Look, I haven't abandoned this!
What Happens: The hobbits spend one night with Tom Bombadil and Goldberry, being fed and sharing stories. At the end of the chapter, they resolve to set out the next day, armed with a rhyme to call Tom in need.
Relatively short domestic interlude, with hints of danger to come.
* * *
I did spot the rhythms of Tom's speech this time, so that's an improvement.
I will have to look whether Goldberry speaks in a manner similar to Galadriel, who I think she prefigures.
Is anyone able to picture Tom and Goldberry as a married couple in any psychologically realistic kind of way? Because I tried and I can't.
(I did notice, this time, that for all that Goldberry's barely present, she was the one to successfully reassure the hobbits that they were safe over the night.)
* * *
Have I remarked on Frodo's dreams yet? This time, he gets a direct hotline into plot elsewhere, seeing Gandalf escape Orthanc. Even though he doesn't recognize Gandalf, I still don't like it.
* * *
This is really a remarkable paragraph:
Suddenly Tom's talk left the woods and went leaping up the young stream, over bubbling waterfalls, over pebbles and worn rocks, and among small flowers in close grass and wet crannies, wandering at last up on to the Downs. They heard of the Great Barrows, and the green mounds, and the stone-rings upon the hills and in the hollows among the hills. Sheep were bleating in flocks. Green walls and white walls rose. There were fortresses on the heights. Kings of little kingdoms fought together, and the young Sun shone like fire on the red metal of their new and greedy swords. There was victory and defeat; and towers fell, fortresses were burned, and flames went up into the sky. Gold was piled on the biers of dead kings and queens; and mounds covered them, and the stone doors were shut; and the grass grew over all. Sheep walked for a while biting the grass, but soon the hills were empty again. A shadow came out of dark places far away, and the bones were stirred in the mounds. Barrow-wights walked in the hollow places with a clink of rings on cold fingers, and gold chains in the wind. Stone rings grinned out of the ground like broken teeth in the moonlight.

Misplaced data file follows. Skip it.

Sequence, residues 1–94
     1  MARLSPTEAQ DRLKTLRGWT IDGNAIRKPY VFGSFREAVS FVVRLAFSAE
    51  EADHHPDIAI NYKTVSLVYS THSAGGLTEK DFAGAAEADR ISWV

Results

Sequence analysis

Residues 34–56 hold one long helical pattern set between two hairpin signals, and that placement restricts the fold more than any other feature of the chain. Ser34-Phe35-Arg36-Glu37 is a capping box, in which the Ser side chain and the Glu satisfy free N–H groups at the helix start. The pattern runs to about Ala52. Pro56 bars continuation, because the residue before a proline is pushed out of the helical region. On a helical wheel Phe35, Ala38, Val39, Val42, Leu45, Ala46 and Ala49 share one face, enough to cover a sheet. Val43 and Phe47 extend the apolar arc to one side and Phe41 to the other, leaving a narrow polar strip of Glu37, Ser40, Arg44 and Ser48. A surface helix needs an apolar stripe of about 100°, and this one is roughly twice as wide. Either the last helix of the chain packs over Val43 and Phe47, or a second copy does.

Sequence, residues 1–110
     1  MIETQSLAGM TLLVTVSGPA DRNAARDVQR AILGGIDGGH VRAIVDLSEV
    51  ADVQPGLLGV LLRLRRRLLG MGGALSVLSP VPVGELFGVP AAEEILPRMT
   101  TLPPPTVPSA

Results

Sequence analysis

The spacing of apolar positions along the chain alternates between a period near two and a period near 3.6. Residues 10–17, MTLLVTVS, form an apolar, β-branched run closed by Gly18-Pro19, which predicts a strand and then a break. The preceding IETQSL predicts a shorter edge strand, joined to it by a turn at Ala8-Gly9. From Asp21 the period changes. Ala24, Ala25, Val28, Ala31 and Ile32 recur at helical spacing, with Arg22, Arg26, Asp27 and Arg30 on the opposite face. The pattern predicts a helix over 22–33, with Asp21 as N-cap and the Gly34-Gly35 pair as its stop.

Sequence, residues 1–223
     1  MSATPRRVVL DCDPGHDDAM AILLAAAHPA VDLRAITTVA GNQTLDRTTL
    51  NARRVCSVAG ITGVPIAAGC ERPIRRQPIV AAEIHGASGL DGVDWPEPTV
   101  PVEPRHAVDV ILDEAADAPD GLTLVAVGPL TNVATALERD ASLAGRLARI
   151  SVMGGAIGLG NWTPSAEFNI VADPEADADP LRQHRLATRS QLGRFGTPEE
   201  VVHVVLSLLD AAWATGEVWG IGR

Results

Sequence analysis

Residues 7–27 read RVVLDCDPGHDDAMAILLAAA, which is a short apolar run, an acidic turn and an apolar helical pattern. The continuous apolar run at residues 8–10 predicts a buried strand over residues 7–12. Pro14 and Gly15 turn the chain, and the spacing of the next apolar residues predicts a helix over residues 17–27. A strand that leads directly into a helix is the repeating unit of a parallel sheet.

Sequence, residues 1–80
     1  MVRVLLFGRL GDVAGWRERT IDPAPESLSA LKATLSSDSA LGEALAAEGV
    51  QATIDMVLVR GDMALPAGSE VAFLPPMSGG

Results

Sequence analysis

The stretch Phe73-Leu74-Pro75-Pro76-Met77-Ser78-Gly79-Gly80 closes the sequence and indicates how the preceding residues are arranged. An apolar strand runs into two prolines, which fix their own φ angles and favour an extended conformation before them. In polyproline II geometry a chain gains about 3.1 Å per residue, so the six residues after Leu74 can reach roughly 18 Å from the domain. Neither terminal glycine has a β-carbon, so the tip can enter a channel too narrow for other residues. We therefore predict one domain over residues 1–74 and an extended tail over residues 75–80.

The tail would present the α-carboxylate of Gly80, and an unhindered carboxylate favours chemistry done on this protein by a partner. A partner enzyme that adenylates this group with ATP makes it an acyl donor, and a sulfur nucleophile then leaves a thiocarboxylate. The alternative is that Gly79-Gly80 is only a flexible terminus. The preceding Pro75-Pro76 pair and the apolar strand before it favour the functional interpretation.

That shift of voice starting with "Sheep were bleating" is very effective.
This reminds me that if I didn't know the underlying myth, I'd be trying to catalog what we've been told to date and what one could get out of it. I remember skipping a lot of the long poetry when I was a kid, and I don't know if I ever understood about Earendil until I read The Silmarillion, or whether I could have if I tried.
* * *
Tom's description of himself:
"Eldest, that's what I am. Mark my words, my friends: Tom was here before the river and the trees; Tom remembers the first raindrop and the first acorn. He made paths before the Big People, and saw the little People arriving. He was here before the Kings and the graves and the Barrow-wights. When the Elves passed westward, Tom was here already, before the seas were bent. He knew the dark under the stars when it was fearless — before the Dark Lord came from Outside."
If he fits into the cosmology established by The Silmarillion, I think this would make him a minor Maia.
* * *
I like the psychological realism in Frodo's reaction to Tom's handling of the Ring.
* * *
Action next chapter, which Le Guin has already analyzed, saving me some effort, so I hope it won't take me so long to get around to it.